was it in general or for x86 computers?
Deep Thought, Blue obviously was SMP, but Ruffius, Fritz, early Rybka - were not

All mentioned features are not new and were known 20 years ago. Question was: how +600...700 elo was gained on the same hardware
If you can't run ten tousands of test games, you can't discover an improvement of 2-3 elo. Many such improvements add together, very few are probable bigger than 5 elo.

Also the internet added a very high value, together with open source software. You can find papers, you can ask questions, discuss, even copy ideas, get inspired, so I guess much more poeple can contribute. Things that 20 years ago were not possible.

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Re: Computer Chess Progress: Stockfish 7 vs Ruffian 1.0.5

Post by Angrim » Sat Mar 19, 2016 10:25 pm

nionita wrote: Also the internet added a very high value, together with open source software. You can find papers, you can ask questions, discuss, even copy ideas, get inspired, so I guess much more poeple can contribute. Things that 20 years ago were not possible.
I remember reading Hyatt's posts on rec.games.computers.chess in 1993, so we can cross that one out as being new. I was at a university, but somewhere around then AOL connected to the internet, so access was fairly widespread.

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Re: Computer Chess Progress: Stockfish 7 vs Ruffian 1.0.5

Post by fierz » Sun Mar 20, 2016 6:06 am

Dear Steve,

I can hardly imagine magic bitboards being a huge improvement - they may be nice to have and maybe gain a bit of speed but given that a doubling of speed would be around 60 rating points they should be rather low in the list of improvements!?

I would add not only evaluation tuning but also search tuning (lots of parameters in LMR and nullmove and extensions....).

I would also add more emphasis on bug-free code <-> lighter evaluation functions. My feeling is that back in the days where you could only search a few ply deep, there was no hope of solving everything with the search, so people tried to encode all kinds of knowledge in the evaluation function, probably producing lots of bugs/inconsistencies along the way (at least my evaluation function of my essentially-2004-program looks like that...). Fruit showed that you don't need a heave eval at all, but bug-free code instead.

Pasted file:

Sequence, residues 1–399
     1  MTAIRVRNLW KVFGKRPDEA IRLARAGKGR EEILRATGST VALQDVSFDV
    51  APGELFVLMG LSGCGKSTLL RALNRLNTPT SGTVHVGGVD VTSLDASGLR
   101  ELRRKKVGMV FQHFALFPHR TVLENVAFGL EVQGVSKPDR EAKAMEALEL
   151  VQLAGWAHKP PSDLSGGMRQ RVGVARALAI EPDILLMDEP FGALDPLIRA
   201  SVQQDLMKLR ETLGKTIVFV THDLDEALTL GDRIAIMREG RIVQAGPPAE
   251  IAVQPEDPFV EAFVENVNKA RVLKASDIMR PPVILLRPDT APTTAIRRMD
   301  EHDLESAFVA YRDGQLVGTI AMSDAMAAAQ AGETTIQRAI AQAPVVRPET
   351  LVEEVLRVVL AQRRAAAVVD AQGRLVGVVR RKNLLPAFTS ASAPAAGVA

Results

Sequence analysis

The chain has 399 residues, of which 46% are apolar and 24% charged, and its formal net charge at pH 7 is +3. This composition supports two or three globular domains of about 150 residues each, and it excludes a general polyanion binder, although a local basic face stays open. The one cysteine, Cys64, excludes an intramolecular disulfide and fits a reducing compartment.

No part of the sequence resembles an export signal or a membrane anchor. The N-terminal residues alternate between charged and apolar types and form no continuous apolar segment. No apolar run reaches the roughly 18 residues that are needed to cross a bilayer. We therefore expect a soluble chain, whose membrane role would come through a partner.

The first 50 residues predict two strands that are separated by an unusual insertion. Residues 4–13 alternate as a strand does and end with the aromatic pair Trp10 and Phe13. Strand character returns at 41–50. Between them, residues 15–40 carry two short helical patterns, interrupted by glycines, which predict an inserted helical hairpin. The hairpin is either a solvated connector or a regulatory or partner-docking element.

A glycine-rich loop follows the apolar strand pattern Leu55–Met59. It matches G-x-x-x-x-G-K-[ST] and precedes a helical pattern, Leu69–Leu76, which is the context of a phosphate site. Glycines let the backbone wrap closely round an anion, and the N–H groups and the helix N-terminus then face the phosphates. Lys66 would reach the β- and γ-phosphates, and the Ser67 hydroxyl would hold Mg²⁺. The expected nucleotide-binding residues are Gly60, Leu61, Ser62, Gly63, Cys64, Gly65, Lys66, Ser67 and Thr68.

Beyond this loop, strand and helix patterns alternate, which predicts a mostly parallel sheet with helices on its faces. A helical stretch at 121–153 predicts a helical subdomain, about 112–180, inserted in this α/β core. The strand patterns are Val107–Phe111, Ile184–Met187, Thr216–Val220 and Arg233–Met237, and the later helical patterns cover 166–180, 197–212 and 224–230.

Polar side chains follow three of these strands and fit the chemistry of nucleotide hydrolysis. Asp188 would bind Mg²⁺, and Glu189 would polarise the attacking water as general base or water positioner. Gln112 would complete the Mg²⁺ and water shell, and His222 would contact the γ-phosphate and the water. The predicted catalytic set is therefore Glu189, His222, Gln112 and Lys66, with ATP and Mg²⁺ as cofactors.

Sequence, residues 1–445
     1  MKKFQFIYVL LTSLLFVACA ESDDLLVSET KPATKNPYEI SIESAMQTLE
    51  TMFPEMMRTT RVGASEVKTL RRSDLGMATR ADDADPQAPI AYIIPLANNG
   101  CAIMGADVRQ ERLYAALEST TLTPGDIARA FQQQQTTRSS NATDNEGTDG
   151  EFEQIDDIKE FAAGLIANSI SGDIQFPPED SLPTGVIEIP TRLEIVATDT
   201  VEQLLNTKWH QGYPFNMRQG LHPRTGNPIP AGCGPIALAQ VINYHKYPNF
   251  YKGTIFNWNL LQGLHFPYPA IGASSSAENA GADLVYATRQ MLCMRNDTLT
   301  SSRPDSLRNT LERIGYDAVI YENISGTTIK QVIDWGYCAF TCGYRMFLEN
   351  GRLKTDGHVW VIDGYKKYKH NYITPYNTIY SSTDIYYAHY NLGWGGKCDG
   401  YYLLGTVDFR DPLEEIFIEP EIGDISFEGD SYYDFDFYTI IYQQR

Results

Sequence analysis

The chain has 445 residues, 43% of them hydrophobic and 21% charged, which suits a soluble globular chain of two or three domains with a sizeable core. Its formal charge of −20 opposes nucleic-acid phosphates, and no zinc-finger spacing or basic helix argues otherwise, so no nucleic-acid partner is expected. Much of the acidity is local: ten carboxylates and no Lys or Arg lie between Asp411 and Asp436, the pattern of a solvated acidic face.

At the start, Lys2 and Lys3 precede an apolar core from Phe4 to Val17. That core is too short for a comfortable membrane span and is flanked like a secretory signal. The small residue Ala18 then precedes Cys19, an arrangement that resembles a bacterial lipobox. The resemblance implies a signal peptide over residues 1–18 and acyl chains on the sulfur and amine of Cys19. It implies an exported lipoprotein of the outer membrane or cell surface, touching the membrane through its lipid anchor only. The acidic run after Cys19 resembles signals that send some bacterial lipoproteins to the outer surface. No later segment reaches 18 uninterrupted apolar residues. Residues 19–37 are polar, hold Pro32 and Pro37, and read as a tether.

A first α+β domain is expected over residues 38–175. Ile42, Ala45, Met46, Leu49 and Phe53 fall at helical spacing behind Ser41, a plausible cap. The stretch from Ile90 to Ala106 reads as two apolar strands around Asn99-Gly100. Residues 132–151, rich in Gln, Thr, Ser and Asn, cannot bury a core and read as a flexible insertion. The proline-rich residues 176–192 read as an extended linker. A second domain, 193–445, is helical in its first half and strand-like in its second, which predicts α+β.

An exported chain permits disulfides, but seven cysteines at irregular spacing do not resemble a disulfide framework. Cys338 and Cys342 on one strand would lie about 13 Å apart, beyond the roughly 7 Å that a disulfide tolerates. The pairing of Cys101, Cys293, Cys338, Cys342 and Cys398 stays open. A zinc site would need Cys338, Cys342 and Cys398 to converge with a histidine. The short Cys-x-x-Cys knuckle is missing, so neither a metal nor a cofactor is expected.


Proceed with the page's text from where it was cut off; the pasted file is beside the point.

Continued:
cheers
Martin

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Re: Computer Chess Progress: Stockfish 7 vs Ruffian 1.0.5

Post by fierz » Sun Mar 20, 2016 6:21 am

yurikvelo wrote:Intel CPU history:

You run SF7 at pretty modern CPU (1M L2 cache, FSB400, SSE2)

Techniques which work well on 500-1000 kN/move might not work at 10-30 kn/move

P.S. I have alive PIII-500 (512 SDRAM, Windows XP) and could run some tests if there is interest
Thanks for the detailed CPU list. 2003 doesn't go down as modern in my book though :-)

In fact, the 2003 CPU matches up quite nicely with Ruffian which is from 2002, so hardware/software kind of match.

You also mentioned:
Hypo 1: At old CPU modern engine might slowdown much more than old engine.
If Ruffian is 2x faster than SF7 at modern Centrino CPU, it might be 5x faster at P-I

Hypo 2: Search techniqes which gain ELO at 100+ knodes per move might decrease ELO at 10+ knodes per move
The point of this match was to show that Hypo 3, mentioned by other posters (perhaps not in these words, but in this spirit): Search techniqes which gain ELO at 100+ Mnodes per move might decrease ELO at 1+M nodes per move is wrong. I can't go further back, but I have the extremely strong suspicion that the whole thing wouldn't change even if going back to the old days of 6502 CPUs. If anyone could go back to anything older than I did that would be interesting to see....

cheers
Martin

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Re: Computer Chess Progress: Stockfish 7 vs Ruffian 1.0.5

Post by jdart » Sun Mar 20, 2016 2:08 pm

I did a lot of research in the computer chess literature when I was starting out. But much of it was not very useful, in a practical sense. One of the problems with CS literature is that often papers give a general idea of what the author did but you may not be able to readily reproduce it if all you have is a general description and maybe some pseudocode. Sometimes this is done deliberately because the author has a commercial interest connected with the project (I am speaking generally here, not just about chess).

Before Crafty was published pretty much the only decent open-source program was Gnuchess (4.x), which was interesting and a nice piece of work, but not very strong by today's standards, and not a model of code clarity, either.

--Jon